Magazine article The Spectator

Fantasy Food

Magazine article The Spectator

Fantasy Food

Article excerpt

BEFORE the thunderbolt struck, I too had the feeling that we were being overwhelmed by cooks and cooking, that there were a tad too many restaurant reviews and food articles in the Sunday broadsheets and weeklies, altogether too many celebrity chefs famously stirring their sauces.

Had the chattering classes lost their marbles when their principal food for chatter was food itself? Workaholic music millionaires and frenetic political commentators miraculously made time to reflect on this or that eatery. How long would it be before our revered PM himself was joining the 45 other television cooks and showing us all how to make risotto con funghi and bollito misto?

But, as I said, that feeling was before the thunderbolt struck. For me, entering the state of neutropenia as a leukaemic patient, food became a subject of huge and consuming interest - mainly because I couldn't eat most of it. When the chemotherapy given to a leukaemic patient blasts the white cells out of existence, that patient becomes neutropenic - in other words he or she no longer has a natural immune system; no way, therefore, of fighting the common cold or the tummy bug, or indeed any infection, without resorting to life-saving antibiotics. Food is full of bugs and bacteria friendly to the healthy person, but not to those of us languishing in Ward 5E.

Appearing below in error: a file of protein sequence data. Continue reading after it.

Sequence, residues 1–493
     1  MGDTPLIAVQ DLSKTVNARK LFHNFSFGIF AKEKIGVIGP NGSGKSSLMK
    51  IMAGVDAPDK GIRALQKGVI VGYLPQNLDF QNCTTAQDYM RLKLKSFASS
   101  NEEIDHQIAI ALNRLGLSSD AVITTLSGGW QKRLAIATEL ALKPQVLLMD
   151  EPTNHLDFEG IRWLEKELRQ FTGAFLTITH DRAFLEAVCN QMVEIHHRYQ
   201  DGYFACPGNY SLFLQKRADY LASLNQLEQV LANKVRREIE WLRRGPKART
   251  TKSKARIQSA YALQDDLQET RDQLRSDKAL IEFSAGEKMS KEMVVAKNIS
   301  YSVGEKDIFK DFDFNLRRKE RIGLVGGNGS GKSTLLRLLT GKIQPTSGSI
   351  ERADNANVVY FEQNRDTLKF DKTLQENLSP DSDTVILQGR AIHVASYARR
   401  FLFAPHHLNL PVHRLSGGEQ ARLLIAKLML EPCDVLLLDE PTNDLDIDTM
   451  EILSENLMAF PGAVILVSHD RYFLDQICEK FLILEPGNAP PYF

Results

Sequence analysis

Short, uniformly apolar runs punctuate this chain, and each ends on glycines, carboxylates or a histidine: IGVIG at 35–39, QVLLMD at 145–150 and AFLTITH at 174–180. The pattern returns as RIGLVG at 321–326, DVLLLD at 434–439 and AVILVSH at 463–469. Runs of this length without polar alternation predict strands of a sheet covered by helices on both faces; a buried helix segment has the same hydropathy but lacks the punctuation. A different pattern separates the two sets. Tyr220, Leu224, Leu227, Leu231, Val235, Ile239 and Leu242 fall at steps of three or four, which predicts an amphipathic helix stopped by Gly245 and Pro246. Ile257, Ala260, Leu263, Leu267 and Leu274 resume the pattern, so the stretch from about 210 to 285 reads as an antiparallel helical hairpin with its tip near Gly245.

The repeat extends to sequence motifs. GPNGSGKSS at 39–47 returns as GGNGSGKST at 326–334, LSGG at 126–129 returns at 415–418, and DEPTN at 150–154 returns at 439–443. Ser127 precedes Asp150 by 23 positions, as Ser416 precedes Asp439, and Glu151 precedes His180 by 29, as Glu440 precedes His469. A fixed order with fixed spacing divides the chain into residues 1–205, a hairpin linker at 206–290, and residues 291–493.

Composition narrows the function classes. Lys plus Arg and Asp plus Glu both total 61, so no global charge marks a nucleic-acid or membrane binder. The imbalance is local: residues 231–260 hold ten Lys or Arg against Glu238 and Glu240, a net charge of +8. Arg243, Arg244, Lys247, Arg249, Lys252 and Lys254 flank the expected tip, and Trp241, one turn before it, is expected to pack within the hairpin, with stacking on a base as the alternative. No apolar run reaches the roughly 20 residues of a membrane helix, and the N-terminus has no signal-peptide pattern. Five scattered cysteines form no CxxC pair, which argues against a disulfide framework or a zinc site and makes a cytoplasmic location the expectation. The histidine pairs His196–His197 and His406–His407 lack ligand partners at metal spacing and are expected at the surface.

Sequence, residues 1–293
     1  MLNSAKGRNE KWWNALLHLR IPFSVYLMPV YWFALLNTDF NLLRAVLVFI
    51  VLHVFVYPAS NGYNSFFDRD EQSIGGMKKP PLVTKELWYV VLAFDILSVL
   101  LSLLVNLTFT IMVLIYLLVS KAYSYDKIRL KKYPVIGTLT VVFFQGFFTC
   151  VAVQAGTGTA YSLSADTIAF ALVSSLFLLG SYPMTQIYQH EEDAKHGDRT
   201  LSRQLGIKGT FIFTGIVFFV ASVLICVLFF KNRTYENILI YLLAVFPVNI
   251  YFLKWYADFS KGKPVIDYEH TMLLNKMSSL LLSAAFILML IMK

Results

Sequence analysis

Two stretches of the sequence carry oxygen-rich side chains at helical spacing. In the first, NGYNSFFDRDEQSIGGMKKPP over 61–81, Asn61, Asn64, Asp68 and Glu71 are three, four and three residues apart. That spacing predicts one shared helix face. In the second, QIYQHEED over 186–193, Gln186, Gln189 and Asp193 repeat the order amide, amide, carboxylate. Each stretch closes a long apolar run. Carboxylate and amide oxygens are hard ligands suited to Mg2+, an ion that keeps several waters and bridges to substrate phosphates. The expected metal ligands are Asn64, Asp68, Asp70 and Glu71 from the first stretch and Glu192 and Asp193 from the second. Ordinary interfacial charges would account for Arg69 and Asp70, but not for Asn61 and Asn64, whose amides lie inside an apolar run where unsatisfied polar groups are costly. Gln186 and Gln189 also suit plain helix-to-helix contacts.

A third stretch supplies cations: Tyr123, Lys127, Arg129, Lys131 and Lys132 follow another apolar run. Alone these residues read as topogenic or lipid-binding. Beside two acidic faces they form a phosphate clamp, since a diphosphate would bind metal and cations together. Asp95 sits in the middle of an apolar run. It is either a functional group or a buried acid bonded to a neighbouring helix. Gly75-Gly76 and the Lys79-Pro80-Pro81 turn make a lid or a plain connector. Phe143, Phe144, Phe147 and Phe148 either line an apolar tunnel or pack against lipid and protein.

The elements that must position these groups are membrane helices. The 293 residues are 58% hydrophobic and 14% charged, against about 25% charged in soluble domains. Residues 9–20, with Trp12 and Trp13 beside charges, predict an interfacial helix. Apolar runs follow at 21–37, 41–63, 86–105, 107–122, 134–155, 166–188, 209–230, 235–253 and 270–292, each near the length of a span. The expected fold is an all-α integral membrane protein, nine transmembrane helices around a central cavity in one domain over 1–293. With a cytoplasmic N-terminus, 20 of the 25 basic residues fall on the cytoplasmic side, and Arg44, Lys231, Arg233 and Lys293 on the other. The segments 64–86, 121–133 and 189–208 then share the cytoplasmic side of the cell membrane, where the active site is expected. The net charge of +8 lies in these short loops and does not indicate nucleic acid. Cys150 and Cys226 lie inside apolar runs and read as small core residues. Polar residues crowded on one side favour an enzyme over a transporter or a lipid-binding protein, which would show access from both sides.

So the rules were absolute and the temptations greatest when the patient was allowed home for a few days: no pink lamb or soft cheese, no prosciutto crudo or softboiled eggs, nothing from the delicatessen counter, everything to be vacuum-packed in small amounts, not a single lettuce leaf or raspberry or fresh herb in those three months of summer, not a squashy fig off the tree or a tomato off the vine or a plum freshly picked, just when they are all in their prime. In short, everything had to be cooked almost to extinction so that bugs and bacteria were no more. The dietician's explanatory leaflet called it `safe eating', but one could be forgiven sometimes, as one toyed with another plate of grey minced beef and overcooked cabbage, for thinking that safe eating meant boring eating.

In these new circs I soon became hooked on reading about food, and, yes, watching every one of those 45 television programmes of which Michel Roux complains so bitterly. …

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